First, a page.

5 Reasons to Care About Your Online Presence, and 3 to Forget About It
It’s gotten to the point that you just aren’t keeping up with the times if you don’t have a Facebook account, a LinkedIn profile, a Twitter feed and a presence on a dozen other websites. It can be crazy trying to keep up with all of it — and there are new social networking websites coming out every day. What can you do? It’s absolutely imperative that you’re on all of them, right?
Well, there are some clear benefits to spending time on all those websites that make up your online presence — but there are also plenty of drawbacks. It’s worth taking a look at the reasons you should care about creating social networking profiles and updating them, as well as considering the negative aspects of dealing with all of those sites.
5 Reasons to Care About Your Online Presence
Employers and clients look for you online. While many of those people interested in offering you work are looking for your contact information and your references, plenty are looking for all the bad things about you that may have be listed online. Having social networking profiles can give you several pages that pop up on a Google search that are more or less under your control. They’re usually highly ranked and can help you show off your talents in a more recognizable format than a blog or personal website.
You can make contacts and find friends online. Stories of long-lost friends reconnecting on Facebook and other websites are becoming common. And social networking sites don’t just limit you to friends you already know: they provide an easy forum to find business contacts without any requirement that you actually leave your home or office and go to a networking event.
You can communicate even without contact information. Many important people in a variety of industries have at least a placeholder profile up on a variety of social networking website. And while you could never get a direct phone number for some of the people higher up the food chain, you can still easily send them a message on LinkedIn or whatever other website they frequent. It’s possible that some sort of assistant will review your message — but you can still get a lot closer to bigwigs via social networking.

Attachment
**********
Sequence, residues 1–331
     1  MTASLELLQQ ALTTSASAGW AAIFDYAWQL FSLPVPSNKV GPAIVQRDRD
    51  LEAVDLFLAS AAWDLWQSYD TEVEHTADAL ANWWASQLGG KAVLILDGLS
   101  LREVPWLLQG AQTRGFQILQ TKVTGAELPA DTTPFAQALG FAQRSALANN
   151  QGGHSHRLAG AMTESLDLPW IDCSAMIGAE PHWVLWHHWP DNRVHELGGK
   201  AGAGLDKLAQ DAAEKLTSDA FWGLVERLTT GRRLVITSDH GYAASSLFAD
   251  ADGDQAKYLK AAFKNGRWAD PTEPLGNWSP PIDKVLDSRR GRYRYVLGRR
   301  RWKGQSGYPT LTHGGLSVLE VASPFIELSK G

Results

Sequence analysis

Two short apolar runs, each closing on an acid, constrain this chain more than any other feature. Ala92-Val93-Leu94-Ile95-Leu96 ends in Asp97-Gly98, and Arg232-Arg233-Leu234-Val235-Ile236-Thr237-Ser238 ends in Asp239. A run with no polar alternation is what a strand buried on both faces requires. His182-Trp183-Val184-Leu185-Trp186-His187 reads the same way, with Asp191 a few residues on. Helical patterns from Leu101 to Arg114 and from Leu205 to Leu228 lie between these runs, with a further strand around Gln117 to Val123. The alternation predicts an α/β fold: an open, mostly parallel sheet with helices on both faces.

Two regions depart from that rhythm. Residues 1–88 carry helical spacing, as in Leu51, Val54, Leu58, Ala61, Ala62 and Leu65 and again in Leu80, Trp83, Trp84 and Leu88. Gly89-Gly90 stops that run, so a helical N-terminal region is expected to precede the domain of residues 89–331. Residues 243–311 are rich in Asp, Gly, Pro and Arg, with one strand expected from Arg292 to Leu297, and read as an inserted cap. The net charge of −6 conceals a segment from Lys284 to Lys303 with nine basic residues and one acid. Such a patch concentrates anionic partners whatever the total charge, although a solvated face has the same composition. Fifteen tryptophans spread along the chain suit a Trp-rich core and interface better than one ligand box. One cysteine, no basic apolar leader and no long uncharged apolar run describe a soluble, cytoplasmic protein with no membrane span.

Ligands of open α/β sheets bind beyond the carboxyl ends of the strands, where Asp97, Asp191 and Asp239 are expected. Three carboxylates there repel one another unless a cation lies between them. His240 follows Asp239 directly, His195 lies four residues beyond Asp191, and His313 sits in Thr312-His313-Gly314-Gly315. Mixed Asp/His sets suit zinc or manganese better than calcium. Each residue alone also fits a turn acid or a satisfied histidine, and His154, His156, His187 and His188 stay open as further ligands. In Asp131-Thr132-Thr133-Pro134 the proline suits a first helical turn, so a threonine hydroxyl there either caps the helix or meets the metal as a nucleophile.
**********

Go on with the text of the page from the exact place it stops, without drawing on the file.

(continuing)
If you don’t claim your name on all the various social networking sites, someone might do it for you. Seth Godin, the author of numerous marketing books, provides a classic example: despite the fact that someone has claimed the name ‘sethgodin’ on Twitter, it wasn’t actually Godin (who blogged about the fact). In Godin’s case, the account was not used maliciously — but it also wasn’t a case of someone with the same name getting there first. If you don’t grab your name on every social network that pops up, you may not be so lucky. Someone could easily use such an account to spread false information or otherwise cause trouble.
Everybody else is doing it. Peer pressure is a poor excuse — but if it’s becoming an industry standard in your field to have an online presence, not having one can be problematic in the long run. And if all of your friends stay in touch through a particular website, you certainly don’t want to get left out. Merely putting together a profile and updating it can be a small investment of your time, compared to not having the ability to connect to customers or friends online.
3 Reasons to Forget About Your Online Presence
Employers and customers don’t actually care that much about your social networking abilities. Sure, just about everyone will run a search on your name these days — but as long as they don’t find anything bad, it doesn’t particularly matter what they do find. If you have a particularly common name, you’re likely to get lost in the shuffle anyhow. You’ve got plenty of other ways to describe your abilities and connections, and you can probably do a better job of that fact than a standardized profile page.
Putting too much information out there isn’t necessarily safe. Even assuming that identity thieves aren’t monitoring your every move through all your online accounts, telling your clients, family and everyone else every detail of your life just doesn’t sound like a good idea. There are so many horror stories about over-sharing, and having a thorough online presence just asks for such a story to happen to you.
Social networking and crafting an online presence take a lot of time. If you get going, it isn’t hard to spend hours on a site like Twitter. You can call it networking or marketing, but either way, you’ve spent time that certainly could have been put to better use on trying to connect with the kids in your third grade class.
Finding Some Balance
It seems like social networking and online presences only have the value that we give them — and giving them too much value isn’t wise. That said, I think that maintaining a profile or two is a good idea. It’s worthwhile to grab your name on multiple sites, but I don’t bother with constantly updating every site I have a profile on. Instead they all point to either my website or the two sites that I do interact with regularly.
Like most things, caring about your online presence in moderation can be useful. It’s when a person tries to update every site under the sun that it becomes useless. It’s worth thinking about just what level of moderation makes sense for you.